I think for someone that is fairly new to lifting..or someone that took a hiatus from lifting for a while and came back to it..its easier to gain muscle and fat at the same time..

    otherwise i dont see how you can gain muscle and lose fat simultaneously...losing fat requires a caloric deficit...gaining muscle requires a caloric surplus.
    Gaining muscle requires sufficient protein plus an appropriate workout strategy. Fat loss requires low carbs, a dietary fat deficit, and a healthy insulin response, allowing the fat deficit to result in burning stored fat. Under such an approach, the calories will look after themselves
    Four years Primal with influences from Jaminet & Shanahan and a focus on being anti-inflammatory. Using Primal to treat CVD and prevent stents from blocking free of drugs.

    Eat creatures nose-to-tail (animal, fowl, fish, crustacea, molluscs), a large variety of vegetables (raw, cooked and fermented, including safe starches), dairy (cheese & yoghurt), occasional fruit, cocoa, turmeric & red wine

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    Interesting article by Lean Saloon on muscle building:
    Muscle Building 101 | The Lean Saloon

    and Health Correlator:
    "Total calorie intake has a dramatic effect on protein requirements. The above numbers assume that a person is getting just enough calories from other sources to meet daily caloric needs. If a person is in caloric deficit, protein requirements go up. If in caloric surplus, protein requirements go down."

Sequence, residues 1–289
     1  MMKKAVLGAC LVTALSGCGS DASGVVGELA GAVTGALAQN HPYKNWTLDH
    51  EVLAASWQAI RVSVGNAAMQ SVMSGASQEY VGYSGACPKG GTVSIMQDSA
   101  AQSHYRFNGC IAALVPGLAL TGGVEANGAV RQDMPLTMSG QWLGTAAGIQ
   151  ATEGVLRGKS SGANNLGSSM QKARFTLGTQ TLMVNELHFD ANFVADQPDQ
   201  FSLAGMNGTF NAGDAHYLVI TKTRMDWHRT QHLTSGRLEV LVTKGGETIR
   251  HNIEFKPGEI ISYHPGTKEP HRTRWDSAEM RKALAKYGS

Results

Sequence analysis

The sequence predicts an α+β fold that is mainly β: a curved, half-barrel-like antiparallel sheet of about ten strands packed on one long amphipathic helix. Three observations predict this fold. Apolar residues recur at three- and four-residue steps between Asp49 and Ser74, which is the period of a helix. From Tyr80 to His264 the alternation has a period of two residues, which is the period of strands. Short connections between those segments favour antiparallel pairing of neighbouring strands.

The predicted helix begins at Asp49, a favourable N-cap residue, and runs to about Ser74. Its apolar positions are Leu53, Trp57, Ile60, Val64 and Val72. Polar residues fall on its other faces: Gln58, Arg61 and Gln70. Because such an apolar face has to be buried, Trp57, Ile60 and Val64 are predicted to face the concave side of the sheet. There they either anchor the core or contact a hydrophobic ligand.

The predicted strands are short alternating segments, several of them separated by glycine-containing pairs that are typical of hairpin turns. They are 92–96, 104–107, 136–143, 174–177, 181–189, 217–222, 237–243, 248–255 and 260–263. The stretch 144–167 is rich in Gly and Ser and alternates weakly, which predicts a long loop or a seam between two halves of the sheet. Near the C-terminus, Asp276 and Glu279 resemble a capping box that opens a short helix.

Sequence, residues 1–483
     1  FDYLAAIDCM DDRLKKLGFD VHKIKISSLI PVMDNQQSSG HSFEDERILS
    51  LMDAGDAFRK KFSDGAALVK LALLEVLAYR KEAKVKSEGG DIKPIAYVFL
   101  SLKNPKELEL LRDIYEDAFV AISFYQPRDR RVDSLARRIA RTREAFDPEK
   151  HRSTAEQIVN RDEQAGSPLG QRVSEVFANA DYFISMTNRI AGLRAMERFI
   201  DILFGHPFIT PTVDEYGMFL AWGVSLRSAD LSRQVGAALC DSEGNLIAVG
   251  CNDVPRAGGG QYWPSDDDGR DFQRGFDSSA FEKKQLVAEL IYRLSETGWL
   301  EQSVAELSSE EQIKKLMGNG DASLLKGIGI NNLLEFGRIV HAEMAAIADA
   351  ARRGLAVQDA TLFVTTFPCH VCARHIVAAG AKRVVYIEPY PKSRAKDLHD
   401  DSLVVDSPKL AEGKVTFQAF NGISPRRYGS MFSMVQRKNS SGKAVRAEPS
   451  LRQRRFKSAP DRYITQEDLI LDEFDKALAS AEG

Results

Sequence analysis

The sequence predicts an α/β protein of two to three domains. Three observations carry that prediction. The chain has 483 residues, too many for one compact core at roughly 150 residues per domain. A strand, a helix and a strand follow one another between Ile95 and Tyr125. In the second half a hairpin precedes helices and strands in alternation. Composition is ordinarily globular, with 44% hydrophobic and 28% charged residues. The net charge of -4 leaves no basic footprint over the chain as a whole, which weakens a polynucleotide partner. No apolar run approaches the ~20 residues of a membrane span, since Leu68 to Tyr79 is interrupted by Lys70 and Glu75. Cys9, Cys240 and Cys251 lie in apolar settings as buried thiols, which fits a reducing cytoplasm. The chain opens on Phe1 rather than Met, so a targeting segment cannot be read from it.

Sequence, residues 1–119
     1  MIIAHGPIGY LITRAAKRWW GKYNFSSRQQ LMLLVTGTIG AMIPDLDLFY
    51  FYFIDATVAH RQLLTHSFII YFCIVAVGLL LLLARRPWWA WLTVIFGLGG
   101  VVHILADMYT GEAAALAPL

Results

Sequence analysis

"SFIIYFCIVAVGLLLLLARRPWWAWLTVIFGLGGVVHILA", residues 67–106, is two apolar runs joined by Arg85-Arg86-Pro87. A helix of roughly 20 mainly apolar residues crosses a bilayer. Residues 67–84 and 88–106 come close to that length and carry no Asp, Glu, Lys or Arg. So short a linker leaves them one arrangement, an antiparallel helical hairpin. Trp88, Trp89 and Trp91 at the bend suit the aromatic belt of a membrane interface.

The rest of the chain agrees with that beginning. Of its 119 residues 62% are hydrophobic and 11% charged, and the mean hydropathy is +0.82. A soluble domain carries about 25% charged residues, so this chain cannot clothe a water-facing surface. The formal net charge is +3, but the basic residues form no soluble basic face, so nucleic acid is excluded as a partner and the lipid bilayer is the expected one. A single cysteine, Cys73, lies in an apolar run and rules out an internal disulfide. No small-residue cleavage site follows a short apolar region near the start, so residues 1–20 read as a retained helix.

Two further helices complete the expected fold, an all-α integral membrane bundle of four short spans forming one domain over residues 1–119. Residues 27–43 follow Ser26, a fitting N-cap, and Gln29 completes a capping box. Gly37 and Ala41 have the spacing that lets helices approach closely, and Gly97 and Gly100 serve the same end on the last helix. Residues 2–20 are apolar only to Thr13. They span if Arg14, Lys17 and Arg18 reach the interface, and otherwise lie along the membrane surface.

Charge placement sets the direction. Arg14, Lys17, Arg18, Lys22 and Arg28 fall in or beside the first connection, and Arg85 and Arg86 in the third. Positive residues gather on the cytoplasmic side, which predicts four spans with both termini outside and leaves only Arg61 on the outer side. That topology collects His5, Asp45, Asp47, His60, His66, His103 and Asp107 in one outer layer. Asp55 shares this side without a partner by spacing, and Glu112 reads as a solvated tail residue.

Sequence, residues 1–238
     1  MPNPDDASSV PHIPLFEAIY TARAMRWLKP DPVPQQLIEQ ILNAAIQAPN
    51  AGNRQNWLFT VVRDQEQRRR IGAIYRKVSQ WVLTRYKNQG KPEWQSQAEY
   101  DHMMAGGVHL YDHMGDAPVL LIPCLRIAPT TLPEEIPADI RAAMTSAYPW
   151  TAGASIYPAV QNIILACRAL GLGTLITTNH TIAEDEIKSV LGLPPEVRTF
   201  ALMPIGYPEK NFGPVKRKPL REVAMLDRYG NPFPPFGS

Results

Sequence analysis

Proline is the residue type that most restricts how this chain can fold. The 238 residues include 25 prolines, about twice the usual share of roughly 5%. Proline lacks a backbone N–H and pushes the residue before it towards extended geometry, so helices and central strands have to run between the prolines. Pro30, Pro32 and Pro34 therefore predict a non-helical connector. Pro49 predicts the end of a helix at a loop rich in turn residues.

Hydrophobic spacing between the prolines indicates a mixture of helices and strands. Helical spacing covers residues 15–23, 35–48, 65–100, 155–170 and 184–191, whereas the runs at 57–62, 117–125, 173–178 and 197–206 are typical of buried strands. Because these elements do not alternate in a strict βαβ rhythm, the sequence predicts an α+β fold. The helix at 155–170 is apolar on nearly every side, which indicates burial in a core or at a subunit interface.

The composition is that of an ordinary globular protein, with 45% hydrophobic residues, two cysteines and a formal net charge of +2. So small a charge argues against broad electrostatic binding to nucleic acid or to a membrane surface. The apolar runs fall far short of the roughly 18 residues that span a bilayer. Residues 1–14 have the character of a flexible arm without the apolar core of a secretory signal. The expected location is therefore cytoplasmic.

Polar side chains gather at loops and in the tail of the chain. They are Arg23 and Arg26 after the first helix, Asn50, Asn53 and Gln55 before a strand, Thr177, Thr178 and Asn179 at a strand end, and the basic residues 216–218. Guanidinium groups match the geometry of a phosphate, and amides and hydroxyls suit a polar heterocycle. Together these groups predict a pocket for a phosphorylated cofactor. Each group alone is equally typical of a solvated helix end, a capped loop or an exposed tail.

http://healthcorrelator.blogspot.com...-to-be-in.html

    and Fitness Black Book:
    http://fitnessblackbook.com/main/how...the-same-time/
    Last edited by Sue; 03-17-2011 at 04:40 PM.

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    This is a very common question here - searching should bring up lots of results.

    The short answer is 'look at leangains.com'.

    The slightly longer answer is that adding moderate amounts of muscle mass while still losing fat seems to be possible in the early stages when you're relatively untrained and have a fair bit of fat to lose. It gets harder to do as you either get more trained or get down into lower BF% ranges. So, just working out harder now may well yield results.

    A more complex effort like leangains starts to be necessary as your bodyfat levels drop, or you start wanting to add muscle beyond your bodies comfort level.

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    I gained muscle fast with higher protein intake, short slow heavy lifting to failure, and plenty of rest days (3-4) between. I wasn't trying to gain as much muscle as I did as fast as i did, but that's what happened. I've since stopped adding weight to my lifts because I don't want to get any bigger, just leaner. I started working more on push-ups and pull-ups rather than dumbells as often, and added weight only to my kettlebell swing because I was no longer being challenged with 20#. I don't know about all the technical lifting ideals, but from my experience, the extra protein without adding a ton of calories and keeping the carbs relatively low really worked. I used a protein isolate in the morning and at night before bed to add in the protein I needed without having to eat it.